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Aberdeen Country Park Biodiversity

Thomas Gomersall

When most Hong Kongers talk about animals in Aberdeen, odds are they’re talking about the ones in Ocean Park. But just a 10-minute drive away lies another park with plenty of animals, facilities to help children learn about nature, and no small amount of water: Aberdeen Country Park.

One of the oldest country parks in Hong Kong, this place is a patchwork of habitats; from forest to shrub land, valley to mountainside, and of course, the Aberdeen Lower Reservoir. So naturally it is home to a wide variety of wildlife and while some rare, others are much easier to see than you might expect. Those with young children may be interested in checking out the Aberdeen Tree Centre, an education centre where children can play 3D model videos and interactive games to learn about the importance of tree conservation. Meanwhile those with an interest in plants should definitely come during the spring when the trees put out blossoms and the hillside changes colour. Here are some species to look out for:

Photo credit: Thomas Gomersall

Eurasian Wild Pig (Sus scrofa): By now reports of wild pigs wandering into shopping centres and injuring people on campus have brought this large hairy hog into infamy in the minds of many local residents. This image is not helped by the tendency of herds to overturn rubbish bins in search of food. But while they may be big, powerful animals with some very bad press, wild pig attacks don’t happen without reason. If you simply keep your distance from them (especially when they have young), keep quiet and don’t block any potential escape routes, they may head back to the undergrowth, you’ll be able to watch these animals in peace and go home with a photo; not a tusk wound.

Photo Credit: Martin Hale

Large-billed Crow (Corvus macrorhynchos): Also known as the jungle crow, this bird is very common in forested areas of Hong Kong partly because, like most members of the Corvid family (crows, magpies, jays), it is a very unfussy, very bold eater. These crows will feed on anything, from fruit to small reptiles, but will also take human food waste. Having few known predators also helps their numbers. In Aberdeen Country Park, they can frequently be seen perching on powerlines, often in large groups.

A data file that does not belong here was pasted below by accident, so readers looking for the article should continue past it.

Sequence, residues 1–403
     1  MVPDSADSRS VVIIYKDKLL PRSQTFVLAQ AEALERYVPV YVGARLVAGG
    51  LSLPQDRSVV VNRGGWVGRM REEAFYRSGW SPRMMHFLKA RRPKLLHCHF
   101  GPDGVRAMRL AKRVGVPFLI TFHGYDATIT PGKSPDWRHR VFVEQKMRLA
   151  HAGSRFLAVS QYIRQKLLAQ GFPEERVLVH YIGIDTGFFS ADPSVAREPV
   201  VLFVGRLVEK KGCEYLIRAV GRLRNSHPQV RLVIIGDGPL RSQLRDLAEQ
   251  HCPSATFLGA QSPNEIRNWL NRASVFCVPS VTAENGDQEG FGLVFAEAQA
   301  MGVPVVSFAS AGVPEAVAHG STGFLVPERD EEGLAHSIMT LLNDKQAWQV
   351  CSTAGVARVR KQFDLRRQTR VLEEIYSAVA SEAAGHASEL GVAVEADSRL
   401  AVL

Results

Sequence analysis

Photo credit: Martin Hale

Common Kingfisher (Alcedo atthis): Blink and you might miss the flash of orange and electric blue of a common kingfisher flying over the waters of the Aberdeen Lower Reservoir. In spite of its name however, it is not that easy to see. But if you do find one perched on a branch above the water, keep an eye on it. If you’re lucky you might just catch it diving for small fish.

Chinese Hwamei (Garrulax canorus): While this bird is not shy, it is common in hillside shrub land across Hong Kong. With its distinctive whitish-blue eye ring (its Chinese name means “painted eyebrow”), it can be hard to spot one as it tends to forage in deep undergrowth. The bird feeds mainly on insects and fallen fruit on the ground, which is also where it nests from May to July.

Photo credit: Thomas Gomersall

Hong Kong Rose (Rhodoleia championii): Those with an interest in native flowers should definitely come to Aberdeen Country Park for the chance to spot this beauty, which despite its name, is actually not related to true roses. First discovered in Hong Kong in 1849, ironically it is now so rare here that it is protected by law, although it is not considered endangered globally. Despite its rarity, it is easily recognisable by its pink bell-shaped flowers, which are often visited by birds (its main pollinators), such as the Japanese white-eye and the fork-tailed sunbird.

Panda blog @WWF-Hong Kong

WWF contributors share daily insights on Hong Kong biodiversity and WWF-Hong Kong projects

WWF HK

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WWF HK

WWF contributors share regular insights on Hong Kong biodiversity and conservation issues

Panda blog @WWF-Hong Kong

WWF contributors share daily insights on Hong Kong biodiversity and WWF-Hong Kong projects